The Government is embarking on a landmark review of the role of tikanga [customs] and how Māori concepts apply in our law. The recommendations could have widespread implications, including the extent to which tikanga applies beyond the world of Māoridom.
Justice Minister Kris Faafoi recently instructed the Law Commission, the government agency tasked with regularly reviewing New Zealand laws, to include the review in its 2021/22 work programme.
Faafoi said that " a review of the role of tikanga and te ao Māori concepts in law would be valuable on the basis that it will promote a better understanding of tikanga, help bring consistency to legislative reform across government, and support our focus on the Māori-Crown relationship".
"This particular topic crosses the responsibilities of different government agencies, making an independent entity like the Commission well placed to look at the broader picture," he said.
The Commission will also be reviewing the legislative settings for preventive detention.
Documents released to the NZ Herald under the Official Information Act show Faafoi initially wanted the Commission to review statutory references to te Tiriti o Waitangi and the English translation, the Treaty of Waitangi. He appears to have been talked out of the idea by Attorney-General David Parker, who recommended reviewing tikanga in the law.
Writing to Parker in April, Faafoi said it was time the Law Commission "undertakes a project with a kaupapa Māori focus", noting that the Commission had its first Māori president, Amokura Kawharu.
He said the proliferation of references to te Tiriti and the Treaty in legislation meant it was probably a good idea to clarify when and how both documents should be referenced in our laws.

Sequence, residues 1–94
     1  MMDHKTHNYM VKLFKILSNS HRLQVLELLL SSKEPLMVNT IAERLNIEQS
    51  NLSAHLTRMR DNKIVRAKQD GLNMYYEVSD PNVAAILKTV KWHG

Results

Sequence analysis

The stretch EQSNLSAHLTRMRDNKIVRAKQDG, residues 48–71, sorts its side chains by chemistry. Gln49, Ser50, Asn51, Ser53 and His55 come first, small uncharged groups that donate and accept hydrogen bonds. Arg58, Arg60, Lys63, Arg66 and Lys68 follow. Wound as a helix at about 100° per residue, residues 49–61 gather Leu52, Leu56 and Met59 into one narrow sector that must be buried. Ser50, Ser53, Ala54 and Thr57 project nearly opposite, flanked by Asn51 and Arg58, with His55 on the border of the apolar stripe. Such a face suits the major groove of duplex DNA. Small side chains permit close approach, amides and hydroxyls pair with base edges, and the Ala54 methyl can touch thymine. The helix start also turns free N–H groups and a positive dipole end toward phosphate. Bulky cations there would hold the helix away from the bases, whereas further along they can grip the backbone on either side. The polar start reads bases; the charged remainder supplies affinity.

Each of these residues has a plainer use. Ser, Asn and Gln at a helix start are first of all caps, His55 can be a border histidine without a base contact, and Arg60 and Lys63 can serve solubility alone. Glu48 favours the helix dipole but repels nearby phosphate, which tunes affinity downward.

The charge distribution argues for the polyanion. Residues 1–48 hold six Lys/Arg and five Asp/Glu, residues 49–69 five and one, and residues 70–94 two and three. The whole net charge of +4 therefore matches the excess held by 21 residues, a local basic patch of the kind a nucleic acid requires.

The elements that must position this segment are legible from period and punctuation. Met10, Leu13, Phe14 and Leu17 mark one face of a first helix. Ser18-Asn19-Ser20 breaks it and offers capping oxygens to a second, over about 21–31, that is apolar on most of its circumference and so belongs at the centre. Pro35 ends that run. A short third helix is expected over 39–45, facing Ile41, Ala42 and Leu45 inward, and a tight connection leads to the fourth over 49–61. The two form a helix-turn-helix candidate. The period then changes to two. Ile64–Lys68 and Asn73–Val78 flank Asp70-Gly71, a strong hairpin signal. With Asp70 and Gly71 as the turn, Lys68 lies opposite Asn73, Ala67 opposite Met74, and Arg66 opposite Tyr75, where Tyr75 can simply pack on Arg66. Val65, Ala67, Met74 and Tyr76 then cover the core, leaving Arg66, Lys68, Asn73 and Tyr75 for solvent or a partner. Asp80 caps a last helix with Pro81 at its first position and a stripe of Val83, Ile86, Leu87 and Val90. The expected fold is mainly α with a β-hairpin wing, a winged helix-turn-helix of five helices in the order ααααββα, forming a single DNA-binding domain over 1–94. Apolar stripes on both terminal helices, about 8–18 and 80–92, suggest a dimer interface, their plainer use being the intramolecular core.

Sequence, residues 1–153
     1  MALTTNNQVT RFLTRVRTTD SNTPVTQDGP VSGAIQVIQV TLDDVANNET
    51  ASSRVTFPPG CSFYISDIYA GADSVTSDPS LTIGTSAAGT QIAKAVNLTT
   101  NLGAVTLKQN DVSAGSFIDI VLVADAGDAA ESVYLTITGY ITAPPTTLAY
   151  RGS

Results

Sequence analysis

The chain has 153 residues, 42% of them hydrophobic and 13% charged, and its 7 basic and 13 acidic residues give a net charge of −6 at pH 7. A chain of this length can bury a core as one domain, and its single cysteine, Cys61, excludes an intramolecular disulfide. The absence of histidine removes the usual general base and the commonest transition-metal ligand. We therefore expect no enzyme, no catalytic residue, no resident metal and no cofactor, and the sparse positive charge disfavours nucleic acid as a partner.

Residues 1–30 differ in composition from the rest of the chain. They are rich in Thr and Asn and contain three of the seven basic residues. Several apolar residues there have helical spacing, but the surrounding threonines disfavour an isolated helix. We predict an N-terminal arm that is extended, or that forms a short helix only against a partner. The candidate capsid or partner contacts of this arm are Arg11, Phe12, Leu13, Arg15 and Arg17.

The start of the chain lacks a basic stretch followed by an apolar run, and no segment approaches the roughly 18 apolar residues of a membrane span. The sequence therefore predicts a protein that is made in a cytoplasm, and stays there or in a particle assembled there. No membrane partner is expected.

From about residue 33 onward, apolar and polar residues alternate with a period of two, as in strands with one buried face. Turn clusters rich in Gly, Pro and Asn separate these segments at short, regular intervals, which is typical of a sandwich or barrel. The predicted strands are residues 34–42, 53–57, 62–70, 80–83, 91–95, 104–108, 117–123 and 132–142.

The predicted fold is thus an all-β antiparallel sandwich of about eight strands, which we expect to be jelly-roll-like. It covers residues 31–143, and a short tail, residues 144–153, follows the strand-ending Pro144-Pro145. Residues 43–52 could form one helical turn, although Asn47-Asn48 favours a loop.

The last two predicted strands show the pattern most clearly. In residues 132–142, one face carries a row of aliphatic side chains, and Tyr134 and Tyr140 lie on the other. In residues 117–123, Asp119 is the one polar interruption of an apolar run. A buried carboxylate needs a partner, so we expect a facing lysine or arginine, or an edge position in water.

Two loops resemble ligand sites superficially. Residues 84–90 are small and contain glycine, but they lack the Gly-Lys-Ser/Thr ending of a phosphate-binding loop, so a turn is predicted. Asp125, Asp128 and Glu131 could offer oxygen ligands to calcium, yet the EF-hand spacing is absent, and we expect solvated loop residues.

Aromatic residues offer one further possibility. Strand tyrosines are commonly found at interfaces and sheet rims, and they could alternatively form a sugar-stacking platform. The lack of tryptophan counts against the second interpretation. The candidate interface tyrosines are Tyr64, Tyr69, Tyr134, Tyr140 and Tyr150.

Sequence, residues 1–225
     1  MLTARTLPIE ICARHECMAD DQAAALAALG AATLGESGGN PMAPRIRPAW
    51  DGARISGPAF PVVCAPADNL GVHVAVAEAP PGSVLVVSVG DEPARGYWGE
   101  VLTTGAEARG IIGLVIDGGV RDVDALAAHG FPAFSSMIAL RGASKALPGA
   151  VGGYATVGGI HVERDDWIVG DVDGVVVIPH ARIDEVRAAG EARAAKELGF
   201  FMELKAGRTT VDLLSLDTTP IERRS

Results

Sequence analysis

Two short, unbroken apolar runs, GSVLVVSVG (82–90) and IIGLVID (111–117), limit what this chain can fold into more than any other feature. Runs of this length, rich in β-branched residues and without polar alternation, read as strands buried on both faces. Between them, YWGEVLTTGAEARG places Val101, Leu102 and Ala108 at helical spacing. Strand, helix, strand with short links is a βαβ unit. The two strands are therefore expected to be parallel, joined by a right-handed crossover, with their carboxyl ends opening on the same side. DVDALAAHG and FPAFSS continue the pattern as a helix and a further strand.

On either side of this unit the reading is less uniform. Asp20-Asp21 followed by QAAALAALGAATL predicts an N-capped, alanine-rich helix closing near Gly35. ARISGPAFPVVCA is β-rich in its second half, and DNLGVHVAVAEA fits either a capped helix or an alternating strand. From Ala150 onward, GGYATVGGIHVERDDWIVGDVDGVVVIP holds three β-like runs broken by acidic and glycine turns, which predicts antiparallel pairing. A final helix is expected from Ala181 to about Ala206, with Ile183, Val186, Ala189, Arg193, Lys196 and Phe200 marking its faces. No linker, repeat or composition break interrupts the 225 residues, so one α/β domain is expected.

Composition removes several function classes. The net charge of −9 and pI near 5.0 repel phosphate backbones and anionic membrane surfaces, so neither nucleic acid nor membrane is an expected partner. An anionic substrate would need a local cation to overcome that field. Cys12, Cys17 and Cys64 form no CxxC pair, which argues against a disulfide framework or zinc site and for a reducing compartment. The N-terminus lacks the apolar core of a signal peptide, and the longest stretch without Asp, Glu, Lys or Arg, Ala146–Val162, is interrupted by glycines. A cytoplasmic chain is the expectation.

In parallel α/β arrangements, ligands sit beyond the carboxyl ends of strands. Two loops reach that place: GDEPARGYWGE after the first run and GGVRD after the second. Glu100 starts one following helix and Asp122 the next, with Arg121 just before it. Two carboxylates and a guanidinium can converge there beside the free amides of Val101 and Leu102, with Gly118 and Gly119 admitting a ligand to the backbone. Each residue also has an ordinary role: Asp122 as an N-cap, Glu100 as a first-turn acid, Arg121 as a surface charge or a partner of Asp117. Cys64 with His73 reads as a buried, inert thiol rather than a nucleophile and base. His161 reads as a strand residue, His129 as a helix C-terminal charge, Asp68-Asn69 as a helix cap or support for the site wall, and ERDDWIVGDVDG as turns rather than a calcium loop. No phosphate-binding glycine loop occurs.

Faafoi wrote that "[s]tatutory references to the Treaty of Waitangi, te Tiriti o Waitangi, or both, are common."
"This work would be valuable, especially in light of the notable increase in Treaty clauses in recent bills".
Faafoi wrote that there "is a risk that the current disparities in language and conflation of the Treaty with te Tiriti creates interpretive difficulties or unintended consequences".
"This project would articulate best practice with respect to whether, when and how the Treaty should be referenced in legislation".
Parker sought the advice of Crown Law, which appears to have been cold on Faafoi's proposal - although specific advice has been redacted. Instead, Crown Law mentioned that Te Arawhiti, the office for Māori-Crown relations was keen on "exploring the way forward for the inclusion of tikanga as part of the law in Aotearoa".
Crown Law said that the Parliamentary Counsel Office (PCO), the part of the Government tasked with drafting almost all of the Government's legislation, wanted the Commission to look into "the implications of incorporating tikanga principles into legislation for its interpretation, for decision-making under it, and for its implementation more generally".
PCO added that it was keen to know how "tikanga concepts [will] be described and understood from the perspective of both Māori and non-Māori (including whether it is envisaged that tikanga concepts would apply beyond Māori)".
PCO also wanted to know how "tikanga concepts" could be "best implemented, including what is the best input for sourcing expert input and testing it, and making decision-makers accountable for this", and whether tikanga had any implications for the relationship with the common law.
These recommendations were taken up by Parker, who included them in a letter to Faafoi later in May. It is not clear whether these specific points were taken on by Faafoi.
The review is unlikely to report back soon. Any recommendations from the report will first be reported to Parliament. It is then up to the Government whether it wants to act on them.
Faafoi and the Law Commission were approached for comment.